St. Petersburg Times: Weekend

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Stage: hot ticket

By JOHN FLEMING, Times Performing Arts Critic
© St. Petersburg Times
published September 26, 2002

Turning misfortune into music

If not for Paul Wittgenstein, the world would have never had Ravel's Concerto for the Left Hand. Wittgenstein, a Viennese pianist, had his right arm shot off while serving in the Austrian army during World War I. Rather than let that misfortune ruin his musical career, he commissioned more than a dozen left-hand works for piano from such eminent composers as Hindemith, Prokofiev, Britten, Strauss and Korngold. Many of the others are well worth hearing, but the Ravel concerto, which premiered in 1932, is a jazzy masterpiece.

French pianist Pascal Roge, above, is the left-hand soloist with the Florida Orchestra in its masterworks season-opening concerts this weekend. Also on the program, with guest conductor Pavel Kogan, are Grieg's Peer Gynt Suite No. 1, Tchaikovsky's Capriccio Italien and Respighi's Pines of Rome.

Performances are at 8 p.m. Friday at Tampa Bay Performing Arts Center, 8 p.m. Saturday at Mahaffey Theater and 7:30 p.m. Sunday at Ruth Eckerd Hall. Tickets: $20-$42, with student rush tickets available one hour before concerts at $12. (813) 286-2403 (Hillsborough) or toll-free 1-800-662-7286.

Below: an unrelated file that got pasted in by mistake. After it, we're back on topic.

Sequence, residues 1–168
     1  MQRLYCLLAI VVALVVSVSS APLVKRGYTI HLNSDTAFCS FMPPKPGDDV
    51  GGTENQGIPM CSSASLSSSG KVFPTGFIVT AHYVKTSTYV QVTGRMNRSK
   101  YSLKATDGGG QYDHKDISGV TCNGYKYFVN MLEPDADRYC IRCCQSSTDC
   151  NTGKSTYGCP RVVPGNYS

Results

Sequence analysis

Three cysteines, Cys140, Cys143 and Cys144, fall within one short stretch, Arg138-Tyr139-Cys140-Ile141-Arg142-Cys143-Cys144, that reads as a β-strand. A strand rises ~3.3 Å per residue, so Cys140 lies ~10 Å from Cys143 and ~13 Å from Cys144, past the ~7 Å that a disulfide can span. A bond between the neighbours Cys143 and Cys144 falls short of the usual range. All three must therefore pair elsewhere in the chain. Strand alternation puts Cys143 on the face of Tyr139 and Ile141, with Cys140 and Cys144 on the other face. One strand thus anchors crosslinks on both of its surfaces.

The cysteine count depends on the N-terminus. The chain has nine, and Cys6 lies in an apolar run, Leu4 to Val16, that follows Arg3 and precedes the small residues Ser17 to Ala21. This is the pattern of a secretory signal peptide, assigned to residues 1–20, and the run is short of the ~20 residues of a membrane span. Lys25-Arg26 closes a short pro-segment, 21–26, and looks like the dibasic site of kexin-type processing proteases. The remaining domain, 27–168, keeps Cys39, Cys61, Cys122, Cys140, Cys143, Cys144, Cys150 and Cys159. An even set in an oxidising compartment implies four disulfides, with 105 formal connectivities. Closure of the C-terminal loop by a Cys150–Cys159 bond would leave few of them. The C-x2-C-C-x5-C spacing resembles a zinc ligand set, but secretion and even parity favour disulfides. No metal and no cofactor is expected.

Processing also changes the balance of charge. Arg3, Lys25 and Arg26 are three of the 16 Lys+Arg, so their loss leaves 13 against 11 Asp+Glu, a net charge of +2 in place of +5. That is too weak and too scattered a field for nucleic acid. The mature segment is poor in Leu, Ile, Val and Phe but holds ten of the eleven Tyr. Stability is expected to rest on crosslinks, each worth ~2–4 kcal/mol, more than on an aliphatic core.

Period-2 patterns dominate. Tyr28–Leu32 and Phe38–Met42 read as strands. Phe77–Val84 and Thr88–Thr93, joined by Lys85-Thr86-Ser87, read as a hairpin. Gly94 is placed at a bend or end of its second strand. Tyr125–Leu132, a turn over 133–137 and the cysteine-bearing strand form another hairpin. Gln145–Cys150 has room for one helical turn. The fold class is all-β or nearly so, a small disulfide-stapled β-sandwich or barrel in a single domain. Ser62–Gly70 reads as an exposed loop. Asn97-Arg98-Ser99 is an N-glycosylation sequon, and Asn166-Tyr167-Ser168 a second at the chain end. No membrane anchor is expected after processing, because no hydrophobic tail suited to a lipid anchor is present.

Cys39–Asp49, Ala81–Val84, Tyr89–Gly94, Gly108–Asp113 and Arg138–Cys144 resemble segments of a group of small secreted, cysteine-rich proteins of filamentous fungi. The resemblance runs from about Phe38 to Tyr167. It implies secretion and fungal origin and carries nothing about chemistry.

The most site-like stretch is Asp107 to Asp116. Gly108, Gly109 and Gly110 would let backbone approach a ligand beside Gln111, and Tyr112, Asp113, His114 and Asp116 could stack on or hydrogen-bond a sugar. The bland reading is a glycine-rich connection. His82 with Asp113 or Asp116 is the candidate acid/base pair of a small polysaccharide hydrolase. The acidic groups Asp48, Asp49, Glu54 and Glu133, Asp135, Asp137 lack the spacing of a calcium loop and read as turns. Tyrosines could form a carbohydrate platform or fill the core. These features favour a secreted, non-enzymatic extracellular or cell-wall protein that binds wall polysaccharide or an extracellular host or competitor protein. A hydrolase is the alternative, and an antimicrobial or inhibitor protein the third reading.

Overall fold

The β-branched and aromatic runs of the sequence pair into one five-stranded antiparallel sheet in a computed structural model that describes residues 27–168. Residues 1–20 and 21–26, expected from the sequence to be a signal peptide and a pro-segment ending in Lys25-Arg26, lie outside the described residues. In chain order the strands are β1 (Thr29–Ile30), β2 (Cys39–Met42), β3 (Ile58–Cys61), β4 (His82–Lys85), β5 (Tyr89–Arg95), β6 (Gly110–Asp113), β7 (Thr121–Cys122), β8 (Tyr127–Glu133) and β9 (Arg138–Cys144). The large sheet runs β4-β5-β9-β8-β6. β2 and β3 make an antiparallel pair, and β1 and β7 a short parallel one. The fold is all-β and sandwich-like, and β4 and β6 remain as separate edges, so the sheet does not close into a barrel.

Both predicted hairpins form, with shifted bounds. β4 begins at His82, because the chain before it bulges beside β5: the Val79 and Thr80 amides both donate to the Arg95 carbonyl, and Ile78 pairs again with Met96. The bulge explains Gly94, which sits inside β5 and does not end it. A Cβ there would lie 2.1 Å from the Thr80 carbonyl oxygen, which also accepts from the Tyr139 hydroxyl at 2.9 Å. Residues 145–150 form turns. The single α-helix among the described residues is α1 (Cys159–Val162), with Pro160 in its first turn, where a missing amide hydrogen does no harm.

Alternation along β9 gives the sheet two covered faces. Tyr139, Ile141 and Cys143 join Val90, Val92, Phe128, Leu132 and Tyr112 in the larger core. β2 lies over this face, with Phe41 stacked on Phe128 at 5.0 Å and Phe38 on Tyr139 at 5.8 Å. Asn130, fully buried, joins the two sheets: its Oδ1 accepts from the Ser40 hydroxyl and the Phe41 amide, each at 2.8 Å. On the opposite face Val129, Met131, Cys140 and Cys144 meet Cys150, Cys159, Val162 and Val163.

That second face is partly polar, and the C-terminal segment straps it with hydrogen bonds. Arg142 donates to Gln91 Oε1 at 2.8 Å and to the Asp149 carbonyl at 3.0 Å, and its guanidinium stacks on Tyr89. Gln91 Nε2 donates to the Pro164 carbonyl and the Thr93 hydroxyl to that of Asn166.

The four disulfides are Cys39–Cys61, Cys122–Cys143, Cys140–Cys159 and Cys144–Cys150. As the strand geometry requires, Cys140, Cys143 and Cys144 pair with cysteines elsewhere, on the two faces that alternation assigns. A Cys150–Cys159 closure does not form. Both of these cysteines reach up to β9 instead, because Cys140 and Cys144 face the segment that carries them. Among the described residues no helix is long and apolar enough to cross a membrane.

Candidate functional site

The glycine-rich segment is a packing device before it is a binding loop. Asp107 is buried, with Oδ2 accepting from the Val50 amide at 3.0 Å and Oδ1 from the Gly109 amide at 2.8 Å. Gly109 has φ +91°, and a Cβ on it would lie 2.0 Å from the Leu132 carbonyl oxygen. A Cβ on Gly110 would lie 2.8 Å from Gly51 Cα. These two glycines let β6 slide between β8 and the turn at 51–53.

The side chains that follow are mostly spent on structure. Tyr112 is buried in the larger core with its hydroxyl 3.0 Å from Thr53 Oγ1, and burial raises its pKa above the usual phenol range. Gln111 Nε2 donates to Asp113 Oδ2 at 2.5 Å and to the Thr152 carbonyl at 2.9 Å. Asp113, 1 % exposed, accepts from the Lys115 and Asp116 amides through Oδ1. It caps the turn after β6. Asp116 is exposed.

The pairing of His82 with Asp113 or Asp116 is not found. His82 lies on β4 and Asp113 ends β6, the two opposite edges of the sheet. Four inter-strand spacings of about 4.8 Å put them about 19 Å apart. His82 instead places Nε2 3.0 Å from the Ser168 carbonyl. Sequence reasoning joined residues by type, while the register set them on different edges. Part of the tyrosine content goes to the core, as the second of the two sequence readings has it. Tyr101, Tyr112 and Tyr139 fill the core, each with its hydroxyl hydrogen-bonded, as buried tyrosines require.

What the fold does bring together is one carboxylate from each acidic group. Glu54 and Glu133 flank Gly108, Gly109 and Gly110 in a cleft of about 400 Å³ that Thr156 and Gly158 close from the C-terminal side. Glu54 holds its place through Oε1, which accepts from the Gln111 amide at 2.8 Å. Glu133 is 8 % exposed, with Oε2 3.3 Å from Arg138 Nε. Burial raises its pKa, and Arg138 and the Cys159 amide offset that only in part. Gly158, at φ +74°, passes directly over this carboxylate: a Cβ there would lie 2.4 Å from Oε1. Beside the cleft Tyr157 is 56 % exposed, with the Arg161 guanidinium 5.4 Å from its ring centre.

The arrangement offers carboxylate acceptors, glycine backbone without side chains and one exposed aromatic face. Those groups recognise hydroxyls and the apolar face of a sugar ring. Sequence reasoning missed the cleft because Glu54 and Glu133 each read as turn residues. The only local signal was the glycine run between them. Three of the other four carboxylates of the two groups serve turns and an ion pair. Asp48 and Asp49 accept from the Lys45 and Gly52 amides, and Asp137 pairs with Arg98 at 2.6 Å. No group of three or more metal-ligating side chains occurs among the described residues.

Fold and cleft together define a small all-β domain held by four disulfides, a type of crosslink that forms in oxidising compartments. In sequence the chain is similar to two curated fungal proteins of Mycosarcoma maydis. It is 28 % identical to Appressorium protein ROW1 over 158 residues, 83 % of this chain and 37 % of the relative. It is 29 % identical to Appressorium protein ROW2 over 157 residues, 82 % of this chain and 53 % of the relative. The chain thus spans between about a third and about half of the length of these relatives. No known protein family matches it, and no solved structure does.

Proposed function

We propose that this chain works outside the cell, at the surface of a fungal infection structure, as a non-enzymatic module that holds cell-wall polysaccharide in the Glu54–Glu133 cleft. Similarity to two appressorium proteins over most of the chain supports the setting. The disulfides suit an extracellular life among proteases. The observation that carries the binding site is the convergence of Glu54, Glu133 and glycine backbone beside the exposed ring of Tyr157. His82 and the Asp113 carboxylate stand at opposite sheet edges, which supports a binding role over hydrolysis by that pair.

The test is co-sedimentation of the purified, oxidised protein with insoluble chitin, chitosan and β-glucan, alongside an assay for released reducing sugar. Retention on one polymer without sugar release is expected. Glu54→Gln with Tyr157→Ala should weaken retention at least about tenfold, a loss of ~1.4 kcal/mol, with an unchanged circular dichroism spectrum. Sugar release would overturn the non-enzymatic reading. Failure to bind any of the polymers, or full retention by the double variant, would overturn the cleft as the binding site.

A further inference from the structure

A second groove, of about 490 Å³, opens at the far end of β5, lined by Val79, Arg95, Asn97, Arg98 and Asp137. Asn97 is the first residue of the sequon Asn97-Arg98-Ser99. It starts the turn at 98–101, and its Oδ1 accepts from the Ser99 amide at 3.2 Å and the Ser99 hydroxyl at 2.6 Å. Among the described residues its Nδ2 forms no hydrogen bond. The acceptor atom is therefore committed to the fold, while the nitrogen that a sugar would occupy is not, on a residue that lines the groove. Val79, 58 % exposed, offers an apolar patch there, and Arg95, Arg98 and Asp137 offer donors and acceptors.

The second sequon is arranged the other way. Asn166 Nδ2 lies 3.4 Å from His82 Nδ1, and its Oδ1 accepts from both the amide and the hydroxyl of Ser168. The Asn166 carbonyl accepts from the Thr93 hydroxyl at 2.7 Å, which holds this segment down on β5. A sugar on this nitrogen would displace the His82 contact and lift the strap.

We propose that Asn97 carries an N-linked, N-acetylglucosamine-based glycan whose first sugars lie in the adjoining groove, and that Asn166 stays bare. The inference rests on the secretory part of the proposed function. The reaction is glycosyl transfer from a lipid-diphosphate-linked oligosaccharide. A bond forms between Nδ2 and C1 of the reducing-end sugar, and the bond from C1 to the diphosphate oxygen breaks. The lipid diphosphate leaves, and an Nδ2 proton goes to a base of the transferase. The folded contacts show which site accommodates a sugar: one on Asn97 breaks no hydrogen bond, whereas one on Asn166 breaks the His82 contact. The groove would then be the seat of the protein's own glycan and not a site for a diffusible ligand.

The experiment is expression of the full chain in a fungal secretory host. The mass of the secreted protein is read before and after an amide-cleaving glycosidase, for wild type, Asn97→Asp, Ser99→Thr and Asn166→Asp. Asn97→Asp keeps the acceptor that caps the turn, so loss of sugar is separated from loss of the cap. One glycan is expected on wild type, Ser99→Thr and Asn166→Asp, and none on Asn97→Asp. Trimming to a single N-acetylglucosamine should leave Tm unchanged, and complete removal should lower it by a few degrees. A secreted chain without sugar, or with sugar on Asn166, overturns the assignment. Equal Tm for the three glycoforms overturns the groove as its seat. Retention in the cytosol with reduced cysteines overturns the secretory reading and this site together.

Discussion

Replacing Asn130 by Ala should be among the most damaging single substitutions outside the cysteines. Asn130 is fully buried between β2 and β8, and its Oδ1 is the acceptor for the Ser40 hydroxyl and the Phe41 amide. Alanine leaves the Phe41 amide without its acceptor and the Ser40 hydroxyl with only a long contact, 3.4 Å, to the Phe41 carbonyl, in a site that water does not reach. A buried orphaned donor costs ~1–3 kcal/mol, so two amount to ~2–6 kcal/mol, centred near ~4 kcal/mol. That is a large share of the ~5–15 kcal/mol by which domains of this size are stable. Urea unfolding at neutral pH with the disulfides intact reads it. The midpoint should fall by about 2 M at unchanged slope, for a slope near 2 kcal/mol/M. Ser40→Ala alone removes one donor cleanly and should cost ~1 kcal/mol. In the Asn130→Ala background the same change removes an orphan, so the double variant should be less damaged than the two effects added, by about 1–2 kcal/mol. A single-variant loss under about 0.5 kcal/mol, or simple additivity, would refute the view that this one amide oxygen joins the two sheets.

Fiddling with dance

[Publicity photo]

Choreographer and dancer Michael Foley, above, is the featured artist as Moving Current Dance Collective opens its sixth season. Foley's Unkilted, for five dancers with fiddle and pipe music from Cape Breton, makes its debut on a program called SubTexture. Foley dances in his work as well as in Unseen Eyes, a new work by co-director Cynthia Hennessy. Other choreographers represented are co-director Erin Cardinal, Frankie Hart and Lisa Tobias.

Performances are at 8 p.m. Friday and 2 and 8 p.m. Saturday at Theater 2 of the University of South Florida in Tampa. Tickets: $6 and $12 (cash only). (813) 237-0216.

A lawyer, a priest and an atheist

It was director Wendy Leigh (also director of The Pavilion at American Stage) who brought together the principals who make up So a Lawyer, a Priest and an Atheist Walk Into a Bar . . . They are, from left, John McGivern (who went to seminary before going into show business), Doug Cooney (a lawyer turned performance artist) and Rob Nash (a writer and comedian). Under Leigh, the threesome developed the theater piece that premieres this weekend at Tampa Bay Performing Arts Center's Shimberg Playhouse.

"They're all raised Catholic, all gay," Leigh says. "They're smart, they're funny, they're great performers. There's some interaction, but it's basically a triple bill. They all started out Catholic and have come to different places spiritually. It deals with their professional journey as well as their spiritual journey."

Lawyer, Priest, Atheist has shows at 8 p.m. Friday and Saturday and 4 p.m. Sunday. Tickets: $15.50. (813) 229-7827 or toll-free 1-800-955-1045 or

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